Meadow Brook Hall

350 Estate Drive, Rochester Hills, Oakland County, Michigan

Completed in 1929, for Matilda (1883-1967), the widow of John F. Dodge, and her second husband Alfred G. Wilson (1883-1962). After the demolition of New York's Inisfada, Meadow Brook Hall is America's grandest surviving example of Tudor-Revival architecture. Often referred to as one of Americas "castles" at 88,000-square feet it is the 7th largest historic house ever built in the United States behind Shadow Lawn in New Jersey. Today, it's owned by Oakland University but both the house and grounds are open to the public and as a venue for society weddings it is a popular attraction....

This house is best associated with...

Matilda (Rausch) Wilson

Mrs Matilda (Rausch) Dodge, Wilson; 43rd Lieutenant-Governor of Michigan


Alfred Gaston Wilson

Alfred G. Wilson, Lumber Broker, of Detroit


Matilda was the secretary and afterwards the second wife of John F. Dodge. John and his brother, Horace E. Dodge were the founders of the Dodge Motor Company in Detroit. The brothers had been inseparable from an early age and when John died, Horace did not last the year. In 1926, Matilda and Horace's widow, Anna, sold their shares in the Dodge Company for $146 million shortly before its merger with the Chrysler Group. Overnight, they became two of the wealthiest women not only in the country, but the world.

From Farm to Fantastic

In 1908, Matilda and John Dodge purchased a Victorian-esque 14-room country home for $50,000, fifteen miles north of Detroit. This was where the brothers designed the first Dodge automobile. The house stood on the highest point of a farm of 320-acres, surrounded by rolling countryside, meadows, brooks, and native woodland.

Over the years, the John and Matilda acquired a further eight adjoining farms until they had accrued an estate of 1,500-acres which they named "Meadow Brook Farms". They lived between here and Detroit as work started on their third home, the John F. Dodge Mansion, at Grosse Pointe. Though Dodge spent nearly $4 million on their Grosse Pointe home, he died before its completion and Matilda did not see the project through. The 100-room white elephant remained incomplete, was never occupied, and was demolished in 1941.

In 1925, Matilda took for her second husband the wealthy lumber broker, Alfred G. Wilson, who she met through her charitable work. After their wedding, they travelled extensively in Europe before returning to Detroit. In 1926, influenced by the old manors they had seen in England, they employed the architect William Kapp of the firm Smith, Hinchman & Grylls to build them a Tudor-Revival (English 15th/16th century-style) mansion in the center of Meadow Brook, taking full advantage of its magnificent views and where the sun set. The result was "Meadow Brook Hall", a 110-room architectural masterpiece of 88,000-square feet that took three years to build at a cost of $4 million.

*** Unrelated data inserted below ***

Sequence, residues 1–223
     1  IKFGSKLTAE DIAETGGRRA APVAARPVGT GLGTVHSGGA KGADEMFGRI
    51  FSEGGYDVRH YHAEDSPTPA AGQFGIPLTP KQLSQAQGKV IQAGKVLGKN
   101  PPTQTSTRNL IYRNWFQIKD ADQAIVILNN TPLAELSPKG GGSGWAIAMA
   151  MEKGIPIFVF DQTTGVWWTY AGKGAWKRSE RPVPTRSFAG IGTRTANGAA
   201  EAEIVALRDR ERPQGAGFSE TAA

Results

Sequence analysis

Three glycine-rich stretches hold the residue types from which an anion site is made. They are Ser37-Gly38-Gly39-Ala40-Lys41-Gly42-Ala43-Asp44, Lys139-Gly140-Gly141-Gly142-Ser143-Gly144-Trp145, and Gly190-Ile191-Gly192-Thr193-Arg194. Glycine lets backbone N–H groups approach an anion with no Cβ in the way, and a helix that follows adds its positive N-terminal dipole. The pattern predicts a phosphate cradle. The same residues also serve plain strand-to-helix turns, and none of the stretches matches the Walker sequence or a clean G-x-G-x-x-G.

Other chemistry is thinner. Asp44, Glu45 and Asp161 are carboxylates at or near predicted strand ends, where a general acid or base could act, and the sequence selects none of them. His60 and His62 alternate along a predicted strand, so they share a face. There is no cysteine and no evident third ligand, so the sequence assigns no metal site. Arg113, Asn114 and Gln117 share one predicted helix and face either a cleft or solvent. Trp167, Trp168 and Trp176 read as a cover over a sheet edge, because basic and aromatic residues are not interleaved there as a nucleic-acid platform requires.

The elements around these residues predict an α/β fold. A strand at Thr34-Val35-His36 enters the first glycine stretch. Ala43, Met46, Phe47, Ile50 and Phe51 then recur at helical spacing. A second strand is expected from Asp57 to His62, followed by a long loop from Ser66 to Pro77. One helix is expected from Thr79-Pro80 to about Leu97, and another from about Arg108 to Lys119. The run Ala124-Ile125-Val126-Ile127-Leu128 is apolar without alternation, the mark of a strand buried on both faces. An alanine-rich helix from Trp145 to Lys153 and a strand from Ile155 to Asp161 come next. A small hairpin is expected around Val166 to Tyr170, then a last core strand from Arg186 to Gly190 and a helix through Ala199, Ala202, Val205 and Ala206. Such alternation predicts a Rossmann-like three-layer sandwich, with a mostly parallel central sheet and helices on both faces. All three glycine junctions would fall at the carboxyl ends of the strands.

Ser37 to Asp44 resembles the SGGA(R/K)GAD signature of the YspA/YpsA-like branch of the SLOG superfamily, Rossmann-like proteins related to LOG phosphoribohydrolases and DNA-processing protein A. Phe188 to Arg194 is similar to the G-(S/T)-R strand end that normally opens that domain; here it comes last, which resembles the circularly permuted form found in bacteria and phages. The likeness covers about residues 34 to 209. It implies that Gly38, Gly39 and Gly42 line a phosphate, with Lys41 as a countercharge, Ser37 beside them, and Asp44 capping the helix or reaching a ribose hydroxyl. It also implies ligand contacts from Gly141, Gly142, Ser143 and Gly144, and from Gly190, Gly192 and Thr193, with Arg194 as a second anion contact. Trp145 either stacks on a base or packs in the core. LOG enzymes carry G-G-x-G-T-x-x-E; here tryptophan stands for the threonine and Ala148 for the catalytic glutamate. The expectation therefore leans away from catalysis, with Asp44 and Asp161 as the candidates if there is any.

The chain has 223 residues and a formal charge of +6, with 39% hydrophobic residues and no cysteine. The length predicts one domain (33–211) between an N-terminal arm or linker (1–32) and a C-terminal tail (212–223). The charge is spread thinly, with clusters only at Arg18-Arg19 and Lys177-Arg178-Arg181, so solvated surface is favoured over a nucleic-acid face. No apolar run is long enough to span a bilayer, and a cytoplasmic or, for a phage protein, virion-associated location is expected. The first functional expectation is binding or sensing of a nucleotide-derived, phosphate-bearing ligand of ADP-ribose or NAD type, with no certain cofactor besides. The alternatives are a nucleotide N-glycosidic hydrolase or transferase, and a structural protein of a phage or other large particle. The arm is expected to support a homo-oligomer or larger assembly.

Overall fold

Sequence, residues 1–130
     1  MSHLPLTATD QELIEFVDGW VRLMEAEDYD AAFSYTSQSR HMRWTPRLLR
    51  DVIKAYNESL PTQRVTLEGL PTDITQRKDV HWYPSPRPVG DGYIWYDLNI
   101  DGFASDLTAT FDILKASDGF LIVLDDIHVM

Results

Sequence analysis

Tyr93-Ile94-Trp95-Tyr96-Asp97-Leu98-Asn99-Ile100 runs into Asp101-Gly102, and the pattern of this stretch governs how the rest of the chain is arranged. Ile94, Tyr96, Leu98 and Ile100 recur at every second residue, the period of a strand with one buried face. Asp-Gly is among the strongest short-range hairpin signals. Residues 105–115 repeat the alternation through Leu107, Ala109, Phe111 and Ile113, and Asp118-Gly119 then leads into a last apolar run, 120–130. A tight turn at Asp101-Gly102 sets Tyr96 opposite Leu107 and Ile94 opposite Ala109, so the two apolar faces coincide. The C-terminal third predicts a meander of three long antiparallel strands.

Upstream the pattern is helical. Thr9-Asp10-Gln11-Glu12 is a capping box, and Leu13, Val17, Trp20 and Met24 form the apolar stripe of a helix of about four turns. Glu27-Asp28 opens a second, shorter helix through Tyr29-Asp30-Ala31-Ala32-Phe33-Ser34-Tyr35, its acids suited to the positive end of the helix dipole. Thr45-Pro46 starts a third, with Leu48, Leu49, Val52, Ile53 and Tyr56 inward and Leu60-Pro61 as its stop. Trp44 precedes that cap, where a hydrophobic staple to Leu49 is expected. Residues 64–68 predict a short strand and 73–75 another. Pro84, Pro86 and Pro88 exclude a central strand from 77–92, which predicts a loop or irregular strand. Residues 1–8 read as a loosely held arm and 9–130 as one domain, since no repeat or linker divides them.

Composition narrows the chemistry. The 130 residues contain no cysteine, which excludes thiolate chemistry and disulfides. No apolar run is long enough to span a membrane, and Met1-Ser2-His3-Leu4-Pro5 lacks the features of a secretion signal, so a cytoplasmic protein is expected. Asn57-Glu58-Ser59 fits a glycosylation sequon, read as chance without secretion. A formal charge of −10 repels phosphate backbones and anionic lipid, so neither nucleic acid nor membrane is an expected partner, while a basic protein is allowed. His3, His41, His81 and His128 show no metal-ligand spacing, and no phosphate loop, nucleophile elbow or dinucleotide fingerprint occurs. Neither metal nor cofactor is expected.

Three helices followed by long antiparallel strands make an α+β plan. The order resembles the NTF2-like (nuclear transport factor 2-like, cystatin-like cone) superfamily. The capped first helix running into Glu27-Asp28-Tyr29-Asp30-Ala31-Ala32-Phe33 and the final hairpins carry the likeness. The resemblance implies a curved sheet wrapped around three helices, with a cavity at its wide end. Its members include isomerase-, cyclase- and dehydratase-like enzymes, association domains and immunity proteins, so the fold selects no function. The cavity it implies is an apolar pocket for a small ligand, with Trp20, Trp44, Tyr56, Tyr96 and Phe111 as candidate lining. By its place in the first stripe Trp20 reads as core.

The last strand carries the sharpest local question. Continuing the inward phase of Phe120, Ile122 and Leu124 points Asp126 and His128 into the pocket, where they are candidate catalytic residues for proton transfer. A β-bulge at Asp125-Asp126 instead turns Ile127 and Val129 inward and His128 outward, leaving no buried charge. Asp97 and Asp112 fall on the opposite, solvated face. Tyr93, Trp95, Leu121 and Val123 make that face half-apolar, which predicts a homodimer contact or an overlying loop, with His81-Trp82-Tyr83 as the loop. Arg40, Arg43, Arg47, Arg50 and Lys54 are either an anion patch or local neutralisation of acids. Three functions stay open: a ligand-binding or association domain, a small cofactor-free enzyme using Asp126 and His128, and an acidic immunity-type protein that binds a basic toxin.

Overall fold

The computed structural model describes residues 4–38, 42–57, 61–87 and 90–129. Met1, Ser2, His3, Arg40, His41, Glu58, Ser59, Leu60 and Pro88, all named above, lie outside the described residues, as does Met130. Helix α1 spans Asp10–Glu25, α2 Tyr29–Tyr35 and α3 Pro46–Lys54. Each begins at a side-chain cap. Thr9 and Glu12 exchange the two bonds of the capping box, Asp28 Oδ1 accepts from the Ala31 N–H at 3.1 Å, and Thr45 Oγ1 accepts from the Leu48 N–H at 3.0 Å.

House & Garden

Almost of all of the materials used in its construction (the brick, sandstone, wood timbers, and clay shingle tile roof) were sourced from Michigan. But, whereas the exterior is typical of Tudor England, the interior incorporates several different styles: Some of the rooms were copied from drawings made of those in old Tudor-English country houses; the Dining Room and Matilda’s study are Neo-Classical; the Game Rooms were designed to resemble the interiors of English country pubs; Matilda’s Bedroom and the 'French Bedroom' are French Rococo; and, her eldest daughter's bedroom is Colonial.

Meadow Brook boasts 39 spiralled chimneys (two more than Inisfada), the largest pipe organ in Michigan, a double-story Medieval hall, and for added authenticity, a hidden staircase. Ornately carved woodwork and stone is evident throughout and each of its 110-rooms were designed with their own custom-made door knob. There are numerous Tiffany stained-glass windows, hand-painted ceramic tiles, gold-plated plumbing, beautifully moulded plasterwork ceilings, and crystal chandeliers. There is a great winding staircase, a double-story ballroom, 4-kitchens, a conservatory, two elevators, an entire wing for domestic staff, and even a "fountain room" and a full-size home theater.

Formal gardens were laid out in close proximity to the manor, as was an 18-hole golf course. The estate was still operational as a large farm with numerous outbuildings and several workers houses. Ice cut from a lake on the estate was stored in the icehouse and there was also a two-roomed "root cellar" for fruit and vegetables grown on the estate where they could be stored year-round.